Friday, 26 August 2011

Notting Hill's Carnival will parade the true spirit of London

Despite the recent riots, there is no reason why this weekend’s Notting Hill Carnival won’t live up to its reputation as Europe’s biggest and most successful street party.
A lot of reputations rest on everyone having a good time. London mayor Boris Johnson wants to reassure sports fans that London is a family destination ahead of the 2012 Olympic Games.
The Met needs to show its policing strategy is fit for purpose. At the same time the Carnival’s organisers need to prove that by providing adequate numbers of stewards and ending the two-day event a couple of hours earlier, they can maintain control in the streets.

Thursday, 25 August 2011

Love locks - tender token or eyesore?

Why haven’t I seen any love locks in London? Until today I’d never even heard about the custom where lovers write their names or initials on a padlock, attach it to a bridge or some other structure and chuck the key in the water as a symbol of their everlasting love.
Apparently the fashion has been around a while, found across the world and has grown to a degree where some local authorities in places like Paris and Venice consider it a menace – unsightly and potentially damaging.
I’m neither young nor in love – of the two, if I could choose, I’d settle for the latter – but I am a pretty observant person. Surely I would have spotted a random alfresco padlock let alone an epidemic of the things?

Wednesday, 24 August 2011

Skills crisis: The Government must do more to help the young become employable

Just as New Labour failed too many of our young people by not ensuring they left school with basic levels of literacy and numeracy, so the Coalition is denying them a second chance to remedy the deficiencies that make them unemployable.
News today that nearly a million 16 to 24 year olds – one in six – are classified as NEETS (Not in Employment, Education, or Training) was deeply disturbing. It illustrates the hollowness of Tony Blair's "education, education, education" pledge.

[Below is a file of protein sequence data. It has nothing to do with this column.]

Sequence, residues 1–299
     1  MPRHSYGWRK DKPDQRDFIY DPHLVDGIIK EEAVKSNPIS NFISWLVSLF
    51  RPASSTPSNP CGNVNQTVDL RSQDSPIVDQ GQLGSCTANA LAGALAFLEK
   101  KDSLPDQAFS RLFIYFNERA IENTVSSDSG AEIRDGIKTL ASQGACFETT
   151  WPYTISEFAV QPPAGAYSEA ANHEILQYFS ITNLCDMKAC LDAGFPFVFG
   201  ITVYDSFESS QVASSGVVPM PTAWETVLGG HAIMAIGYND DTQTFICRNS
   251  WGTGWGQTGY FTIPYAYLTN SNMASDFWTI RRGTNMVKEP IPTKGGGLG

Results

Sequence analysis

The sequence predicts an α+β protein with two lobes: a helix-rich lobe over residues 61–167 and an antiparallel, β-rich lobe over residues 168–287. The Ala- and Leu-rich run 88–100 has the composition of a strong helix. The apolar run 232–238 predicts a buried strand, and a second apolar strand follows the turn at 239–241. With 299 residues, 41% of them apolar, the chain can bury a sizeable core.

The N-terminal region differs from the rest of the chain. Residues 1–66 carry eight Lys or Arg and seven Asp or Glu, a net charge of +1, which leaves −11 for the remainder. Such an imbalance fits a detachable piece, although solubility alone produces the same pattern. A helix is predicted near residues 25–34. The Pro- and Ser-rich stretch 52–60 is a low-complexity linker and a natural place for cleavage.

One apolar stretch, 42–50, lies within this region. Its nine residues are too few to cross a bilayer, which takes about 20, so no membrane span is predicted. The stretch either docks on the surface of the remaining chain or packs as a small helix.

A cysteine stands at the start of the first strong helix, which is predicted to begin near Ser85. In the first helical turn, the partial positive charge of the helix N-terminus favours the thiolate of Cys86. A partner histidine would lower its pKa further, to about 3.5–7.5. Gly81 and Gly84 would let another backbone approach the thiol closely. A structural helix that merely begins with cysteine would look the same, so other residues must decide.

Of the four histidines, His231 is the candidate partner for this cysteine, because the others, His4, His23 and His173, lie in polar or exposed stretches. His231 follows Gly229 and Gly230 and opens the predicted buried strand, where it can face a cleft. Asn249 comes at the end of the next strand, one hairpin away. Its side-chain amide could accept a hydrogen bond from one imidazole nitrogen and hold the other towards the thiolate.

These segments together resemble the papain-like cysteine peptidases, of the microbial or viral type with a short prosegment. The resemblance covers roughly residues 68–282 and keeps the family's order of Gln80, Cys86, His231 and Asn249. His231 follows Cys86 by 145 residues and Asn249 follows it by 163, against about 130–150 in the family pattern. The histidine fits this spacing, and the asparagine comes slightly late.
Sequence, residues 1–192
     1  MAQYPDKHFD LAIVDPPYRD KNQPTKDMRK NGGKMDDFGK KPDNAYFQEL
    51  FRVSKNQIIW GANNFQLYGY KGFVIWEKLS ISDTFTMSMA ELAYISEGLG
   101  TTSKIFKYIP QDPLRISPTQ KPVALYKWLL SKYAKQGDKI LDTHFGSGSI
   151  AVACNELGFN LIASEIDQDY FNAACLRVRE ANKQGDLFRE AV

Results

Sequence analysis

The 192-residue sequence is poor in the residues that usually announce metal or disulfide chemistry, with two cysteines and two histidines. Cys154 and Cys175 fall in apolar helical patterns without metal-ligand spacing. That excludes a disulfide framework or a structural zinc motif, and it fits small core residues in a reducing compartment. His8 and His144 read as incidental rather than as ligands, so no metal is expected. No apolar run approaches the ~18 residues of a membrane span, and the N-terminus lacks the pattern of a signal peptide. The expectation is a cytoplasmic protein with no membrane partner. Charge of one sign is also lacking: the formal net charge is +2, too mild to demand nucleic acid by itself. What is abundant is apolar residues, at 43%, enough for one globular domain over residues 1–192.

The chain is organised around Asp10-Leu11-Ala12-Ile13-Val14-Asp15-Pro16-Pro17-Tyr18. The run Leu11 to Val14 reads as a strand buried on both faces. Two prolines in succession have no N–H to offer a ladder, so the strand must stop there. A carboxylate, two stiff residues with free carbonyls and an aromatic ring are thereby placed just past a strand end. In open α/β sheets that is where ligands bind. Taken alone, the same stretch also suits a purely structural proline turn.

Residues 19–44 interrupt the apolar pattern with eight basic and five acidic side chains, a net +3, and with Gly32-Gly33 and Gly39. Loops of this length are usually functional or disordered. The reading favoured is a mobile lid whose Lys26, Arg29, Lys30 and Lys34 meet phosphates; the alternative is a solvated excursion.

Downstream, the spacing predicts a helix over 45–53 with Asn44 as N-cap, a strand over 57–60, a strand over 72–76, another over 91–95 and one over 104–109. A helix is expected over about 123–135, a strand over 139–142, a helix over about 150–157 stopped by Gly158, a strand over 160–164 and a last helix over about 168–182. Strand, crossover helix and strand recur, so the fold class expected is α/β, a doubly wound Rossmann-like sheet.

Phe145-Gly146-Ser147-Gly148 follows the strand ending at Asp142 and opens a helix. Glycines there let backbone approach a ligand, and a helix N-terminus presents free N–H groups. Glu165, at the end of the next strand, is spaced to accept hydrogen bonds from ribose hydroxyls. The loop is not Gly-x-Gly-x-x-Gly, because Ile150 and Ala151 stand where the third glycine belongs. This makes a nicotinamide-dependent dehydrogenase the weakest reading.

The year-on-year 18 per cent rise – some 119,000 - in the number of 19 to 24-year-old NEETS in danger of becoming a lost generation was the largest jump since records began to be collected in 2000. I wonder how many of them were caught up in the riots?

Tuesday, 23 August 2011

NICE: Hypertension battle must move to the home front

The National Institute for Health and Clinical Excellence (NICE) is expected to announce new guidelines tomorrow for how GPs should diagnose high blood pressure in their patients.
‘White coat hypertension’ - when your blood pressure soars during a test in a surgery - could affect as much as 25 per cent of the population, NICE concluded a while ago
Inevitably where doctors have relied on surgery readings alone, there is the risk of inaccurate readings. Patients with otherwise normal pressure could be prescribed unnecessary drugs and those with a problem might be overprescribed.

Monday, 22 August 2011

David Cameron was proved right on Libya - now he must win the peace too

Historians may well conclude it was more luck than judgement that allowed David Cameron to pull off the gamble that helped prevent the massacre of Benghazi and played a large role in aiding the defeat of Colonel Gaddafi.
It’s no wonder the imminent overthrow of the Libyan dictator had the Prime Minister rush back to the capital from his holiday a lot faster than when the recent riots set Tottenham and elsewhere a-blaze.
With the Government’s economic policy mired in zero growth and U-turns the order of the day, Cameron’s veneer of competence was being rapidly chipped away and he needed some good news. It’s come from an unexpected quarter.

Friday, 19 August 2011

Hurrah for Celebrity Big Brother - but will Sally Bercow fall flat on her face?

Raise a cheer for the return of Celebrity Big Brother. The nation needs an inconsequential, low rent guilty secret to divert it in a summer, which so far has been denied a traditional silly season.
Riots and plunging stock markets are only the latest setbacks turning 2011 into a year to forget. So thank goodness CBB has been revived on Richard Desmond’s newly acquired Channel 5 - after Channel 4 dumped the show as old hat.
A new house – with plenty of scope for eye candy housemates to flash the flesh in both swimming pool and sauna – a new presenter in Brian Dowling but the same old D-List selection of celebrities.
Fittingly the introductions to the new dawn opened with Kerry Katona and ended with the Jedward twins.
Despite the rumours no Charlie Sheen, no Mike Tyson, no Pamela Anderson. The nearest CBB got to a Baywatch Pammy was Pamela Bach, once married to David Hasslehoff.

Thursday, 18 August 2011

We had it easy - student days in the Sixties

The publication of schools’ A Level results today set me thinking about my own education and the rocky road towards my third in BSc (Sociology) in 1968. The product of three years at what was then called Regent Street Polytechnic in central London.